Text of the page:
Congratulations! Your baby is finally considered full-term. This means that any time from now, you could be getting into labor. Your baby is ready to join you. Here is what is happening to your baby and your body as everything shifts to helping you with labor and delivery.
Your Baby at 39 Weeks Pregnant
At 39 weeks pregnant, your baby has grown to about 21 inches from the toe to the top and weighs about 7.5 pounds. Between now and delivery, your baby will not record much growth. Indeed, this could be the weight that will be registered after delivery. However, the brain and the lungs are still developing and will continue even after birth.
Unlike a couple of weeks ago, your baby’s kicks have reduced because the space in utero has shrunk. Besides, he should also have taken a head-down (birthing position) by now ready for delivery. During your 39th week checkup, the doctor will check the position of your baby to ensure everything is okay.
Your Body at 39 Weeks Pregnant
It has been a long journey, 39 weeks since the start of your pregnancy. Therefore, you are likely to be very tired and feeling that you want to deliver your baby now! More than any other moment of your pregnancy, your body feels exhausted, walking is a problem, and sleeping is a nightmare. Amidst all the exhaustion, the pain and all the challenges will be gone when you finally hold your baby in your arms. Indeed, not so long from now, maybe hours or days, it will be tears of joy.
Around this time, your uterus has continued to grow and reached about 2.5 pounds. Remember it started at only two ounces around week one of your pregnancy. After delivery, the uterus will shrink to the original size as it retracts below your pelvic bone. This will take approximately six months after delivery.
39 Weeks Pregnant is How Many Months?
At 39 weeks pregnant, it implies that you are in the eighth month and three weeks. This means that next week will mark the full-term of your pregnancy. But hold on! It might not even get to next week, because labor could start any minute. This is really exciting!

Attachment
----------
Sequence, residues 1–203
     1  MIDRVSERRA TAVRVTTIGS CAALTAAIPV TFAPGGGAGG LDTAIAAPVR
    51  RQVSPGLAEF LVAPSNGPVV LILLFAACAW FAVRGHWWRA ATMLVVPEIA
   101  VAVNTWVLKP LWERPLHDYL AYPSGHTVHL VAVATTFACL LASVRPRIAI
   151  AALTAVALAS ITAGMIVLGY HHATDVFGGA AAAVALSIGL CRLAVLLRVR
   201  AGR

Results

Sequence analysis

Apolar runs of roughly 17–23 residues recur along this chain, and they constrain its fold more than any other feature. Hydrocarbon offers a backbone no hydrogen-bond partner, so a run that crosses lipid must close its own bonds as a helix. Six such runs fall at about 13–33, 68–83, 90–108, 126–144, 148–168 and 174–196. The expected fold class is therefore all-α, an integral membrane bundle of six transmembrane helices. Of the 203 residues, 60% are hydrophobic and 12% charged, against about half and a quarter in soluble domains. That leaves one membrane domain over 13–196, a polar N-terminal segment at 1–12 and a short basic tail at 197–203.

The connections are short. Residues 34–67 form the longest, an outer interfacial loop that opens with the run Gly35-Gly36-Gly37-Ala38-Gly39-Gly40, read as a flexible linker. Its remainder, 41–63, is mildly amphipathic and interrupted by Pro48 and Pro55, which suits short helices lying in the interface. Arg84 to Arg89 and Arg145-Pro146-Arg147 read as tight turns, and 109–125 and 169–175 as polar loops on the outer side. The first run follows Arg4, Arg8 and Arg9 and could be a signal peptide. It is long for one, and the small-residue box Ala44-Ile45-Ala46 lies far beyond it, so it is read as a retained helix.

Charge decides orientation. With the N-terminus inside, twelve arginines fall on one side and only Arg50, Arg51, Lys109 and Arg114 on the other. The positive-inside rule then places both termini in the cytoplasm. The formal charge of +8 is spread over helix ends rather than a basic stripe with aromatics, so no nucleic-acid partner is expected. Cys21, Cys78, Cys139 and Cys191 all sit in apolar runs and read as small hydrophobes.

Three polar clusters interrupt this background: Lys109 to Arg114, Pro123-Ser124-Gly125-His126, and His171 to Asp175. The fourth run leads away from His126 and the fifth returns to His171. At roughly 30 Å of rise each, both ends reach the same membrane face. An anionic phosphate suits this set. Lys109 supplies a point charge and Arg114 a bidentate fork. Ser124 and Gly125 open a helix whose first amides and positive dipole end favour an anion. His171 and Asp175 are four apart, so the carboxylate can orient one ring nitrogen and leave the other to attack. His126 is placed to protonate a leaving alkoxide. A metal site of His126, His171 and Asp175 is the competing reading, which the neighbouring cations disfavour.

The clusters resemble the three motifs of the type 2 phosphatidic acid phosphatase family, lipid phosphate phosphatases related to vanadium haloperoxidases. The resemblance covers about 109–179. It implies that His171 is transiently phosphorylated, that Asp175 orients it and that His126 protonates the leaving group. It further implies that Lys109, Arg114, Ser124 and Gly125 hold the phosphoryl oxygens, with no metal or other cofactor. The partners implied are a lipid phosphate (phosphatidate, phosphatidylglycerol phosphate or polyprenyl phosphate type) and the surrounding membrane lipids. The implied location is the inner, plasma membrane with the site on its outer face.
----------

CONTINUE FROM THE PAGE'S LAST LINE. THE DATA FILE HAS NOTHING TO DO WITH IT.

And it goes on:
39 Weeks Pregnant Ultra Sound
During the 39th week prenatal checkup, an ultrasound is not common. However, it will be perfectly in order if your OB wants to take a closer look at the performance of your baby before delivery. An ultra sound for your baby at 39 weeks pregnant will reveal your fully grown baby. Look at the images again and tell your baby, “Say hi to mom.”
The ultrasound will show the strengthening muscles on the legs, hands, and fat deposits under the skin of your baby. All of these give your baby a smooth and cute appearance. Well, try to relax because not so long from now, your baby will be resting in your arms.
39 Weeks Pregnant Symptoms
By the time you hit 39 weeks pregnant, it appears that all the symptoms that you have had in the third trimester come back and pile together. At times, you might feel like it is too much and start wondering; “what is the best way to induce labor?” Well, try to relax as much as possible, and everything will be fine. So, here are the symptoms you should anticipate:
Braxton Hicks Contractions
While Braxton Hicks contractions, practice contractions, started a few months ago, they are now different and will finally turn to true labor. Unlike in the past, the contractions are now more frequent and tighten your muscles so hard, irrespective of what you do.
Around this time, your baby has taken a head-down position, which is putting a lot of pressure on the pelvic area. If your baby presses the nerves when rolling and wiggling, you are likely to feel a sharp pain that starts in the pelvis and extends like lightning to other parts.
As your baby drops down to the pelvic area, a lot of pressure is exerted on the bladder. This will make you feel like rushing to the washroom regularly. Although this symptom might have started in the second trimester, it will peak around this time.